Rick Perry is surging! Much in the same way Donald Trump surged, as Wallace points out. Hayes points out that Perry has a record and a "more coherent worldview" than Donald Trump. Keep in mind that people who have been recently hit on the head with a shovel tend to have "Worldviews" that are "more coherent" than Donald Trump.

Liasson says the Romney needs to change his strategy! Change it change it change it! Do something different! Panic! Definitely sweat Perry, and let everyone see it! But seriously, Romney's not got the clout with the GOP base that Perry has. And Perry's likely to do what Pawlenty didn't do -- really go at Romney over CommonwealthCare.

Hey, now Perino is saying something very stupid. She says that when the history of this election is written, people will say that the Affordable Care Act was the flashpoint for voter anger. No, Dana, the Affordable Care Act is not a radical idea. It's a conservative idea, developed by conservatives. What makes people angry is that there's a massive, unreported-on unemployment crisis happening in America. Everyone beyond the Beltway is either unemployed or underemployed, or they know someone they care about that is, and so nobody has a future.

It's only that environment that fosters anger toward the Affordable Care Act. Here's a dirty little secret: if unemployment were at 6.5% and we were adding the amount of jobs we need to add every month to the economy, polls would show nothing but high approval for the Affordable care Act. "Oh? It's not single payer or National Health style health care? It's what Mitt Romney did in Massachusetts? Okay, that sounds worth a try. I have a job and a decently clear view of my future. I'm not afraid of what lies ahead for my family or this country."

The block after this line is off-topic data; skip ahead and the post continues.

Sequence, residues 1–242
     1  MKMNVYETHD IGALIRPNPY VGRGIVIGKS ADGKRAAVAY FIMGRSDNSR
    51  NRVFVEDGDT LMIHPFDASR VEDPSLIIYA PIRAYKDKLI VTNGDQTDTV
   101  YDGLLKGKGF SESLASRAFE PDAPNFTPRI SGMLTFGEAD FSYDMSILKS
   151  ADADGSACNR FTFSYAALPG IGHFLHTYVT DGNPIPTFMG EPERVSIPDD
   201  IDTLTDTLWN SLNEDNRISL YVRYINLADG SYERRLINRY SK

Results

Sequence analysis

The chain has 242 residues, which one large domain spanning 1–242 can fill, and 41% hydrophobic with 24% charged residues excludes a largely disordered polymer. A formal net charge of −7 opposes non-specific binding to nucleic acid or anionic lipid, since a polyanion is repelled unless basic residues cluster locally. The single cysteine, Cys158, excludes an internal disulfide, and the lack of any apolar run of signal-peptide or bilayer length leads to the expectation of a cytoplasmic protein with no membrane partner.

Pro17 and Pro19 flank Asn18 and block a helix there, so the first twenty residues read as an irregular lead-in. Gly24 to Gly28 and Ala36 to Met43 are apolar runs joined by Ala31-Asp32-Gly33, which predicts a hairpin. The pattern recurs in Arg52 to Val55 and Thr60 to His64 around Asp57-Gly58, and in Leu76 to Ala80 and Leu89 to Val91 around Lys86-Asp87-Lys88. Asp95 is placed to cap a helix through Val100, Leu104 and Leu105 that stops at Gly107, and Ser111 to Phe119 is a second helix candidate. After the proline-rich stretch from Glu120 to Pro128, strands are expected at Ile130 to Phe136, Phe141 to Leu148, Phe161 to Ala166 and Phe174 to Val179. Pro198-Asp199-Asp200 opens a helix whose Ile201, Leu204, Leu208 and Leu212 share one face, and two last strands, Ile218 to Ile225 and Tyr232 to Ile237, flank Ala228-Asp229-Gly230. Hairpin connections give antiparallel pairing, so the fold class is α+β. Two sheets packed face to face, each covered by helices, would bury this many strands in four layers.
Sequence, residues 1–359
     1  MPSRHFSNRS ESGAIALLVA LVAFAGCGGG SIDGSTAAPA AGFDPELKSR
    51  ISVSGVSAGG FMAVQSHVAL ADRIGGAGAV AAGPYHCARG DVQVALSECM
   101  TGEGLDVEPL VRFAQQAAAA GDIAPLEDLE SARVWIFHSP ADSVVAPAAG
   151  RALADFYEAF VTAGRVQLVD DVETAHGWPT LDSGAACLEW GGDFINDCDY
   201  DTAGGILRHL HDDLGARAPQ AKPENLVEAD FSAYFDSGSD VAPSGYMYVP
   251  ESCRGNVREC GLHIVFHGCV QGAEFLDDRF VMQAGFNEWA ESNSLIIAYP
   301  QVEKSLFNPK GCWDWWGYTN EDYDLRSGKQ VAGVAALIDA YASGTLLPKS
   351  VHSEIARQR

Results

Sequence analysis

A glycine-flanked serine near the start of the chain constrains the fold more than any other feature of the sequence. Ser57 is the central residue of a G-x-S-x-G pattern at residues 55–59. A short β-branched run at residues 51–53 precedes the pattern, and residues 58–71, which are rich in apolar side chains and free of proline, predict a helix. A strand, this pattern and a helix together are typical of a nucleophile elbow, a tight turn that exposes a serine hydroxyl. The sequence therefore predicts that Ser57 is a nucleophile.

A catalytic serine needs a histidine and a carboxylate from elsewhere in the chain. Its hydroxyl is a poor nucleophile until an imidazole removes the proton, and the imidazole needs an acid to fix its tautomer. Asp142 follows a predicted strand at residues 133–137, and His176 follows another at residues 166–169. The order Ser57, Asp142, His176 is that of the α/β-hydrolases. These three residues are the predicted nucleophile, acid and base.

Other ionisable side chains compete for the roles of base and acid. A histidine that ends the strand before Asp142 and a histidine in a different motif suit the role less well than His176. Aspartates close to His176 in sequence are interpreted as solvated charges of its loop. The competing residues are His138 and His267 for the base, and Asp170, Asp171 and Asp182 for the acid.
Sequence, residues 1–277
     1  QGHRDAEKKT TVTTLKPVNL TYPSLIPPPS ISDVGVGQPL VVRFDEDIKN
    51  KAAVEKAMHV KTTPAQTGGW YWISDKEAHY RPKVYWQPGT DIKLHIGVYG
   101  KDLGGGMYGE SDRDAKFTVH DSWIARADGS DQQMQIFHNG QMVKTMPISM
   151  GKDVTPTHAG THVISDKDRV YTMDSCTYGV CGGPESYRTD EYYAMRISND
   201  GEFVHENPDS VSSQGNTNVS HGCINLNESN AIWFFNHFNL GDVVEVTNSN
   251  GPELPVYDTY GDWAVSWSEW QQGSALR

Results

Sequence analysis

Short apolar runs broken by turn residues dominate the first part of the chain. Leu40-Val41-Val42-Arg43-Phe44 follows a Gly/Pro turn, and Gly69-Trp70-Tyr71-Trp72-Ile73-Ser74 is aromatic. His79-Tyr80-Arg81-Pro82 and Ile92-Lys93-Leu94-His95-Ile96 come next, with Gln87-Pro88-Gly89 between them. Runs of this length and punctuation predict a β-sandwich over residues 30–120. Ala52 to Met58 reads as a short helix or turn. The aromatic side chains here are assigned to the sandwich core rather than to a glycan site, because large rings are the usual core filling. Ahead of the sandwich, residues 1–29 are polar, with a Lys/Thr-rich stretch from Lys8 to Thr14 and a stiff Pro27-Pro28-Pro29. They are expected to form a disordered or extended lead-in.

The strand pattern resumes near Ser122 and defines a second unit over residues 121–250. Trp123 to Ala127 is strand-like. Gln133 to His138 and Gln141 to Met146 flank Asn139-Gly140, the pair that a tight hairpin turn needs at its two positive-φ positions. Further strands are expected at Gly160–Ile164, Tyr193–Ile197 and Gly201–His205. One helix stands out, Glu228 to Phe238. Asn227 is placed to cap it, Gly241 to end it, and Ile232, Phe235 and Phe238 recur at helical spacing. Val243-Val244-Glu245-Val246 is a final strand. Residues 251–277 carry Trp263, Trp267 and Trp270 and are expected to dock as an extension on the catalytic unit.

Williams says Romney should not panic and wait for Perry to make mistakes. He also seems to want to debunk the "Texas Miracle," but Hayes snatches away the conch before we can have a deep discussion about it.

Liasson says that we're not premature in calling this a two-person race. "Name another candidate who can challenge Mitt Romney." Wallace offers Ron Paul and Michele Bachmann, but Liasson isn't having it. I'd posit that the number of days between now and January are too many for anyone to be perfect and mistake-free.

On Libya, Hayes says that there's reason to be concerned with what comes next in Libya, but that there's still a role for the United States to play. He says that Paul doesn't know what he's talking about when he says that there are al Qaeda fighters in Libya. Hayes says that Obama needs to "resist the temptation to step back."

Ha, ha, Chris Wallace: "As we saw with Iraq, things can get worse," after a dictator is removed. You think? Understatement of the year, old chap. The pros actually figured Iraq as a post-Saddam chaos-pot way before the invasion or occupation.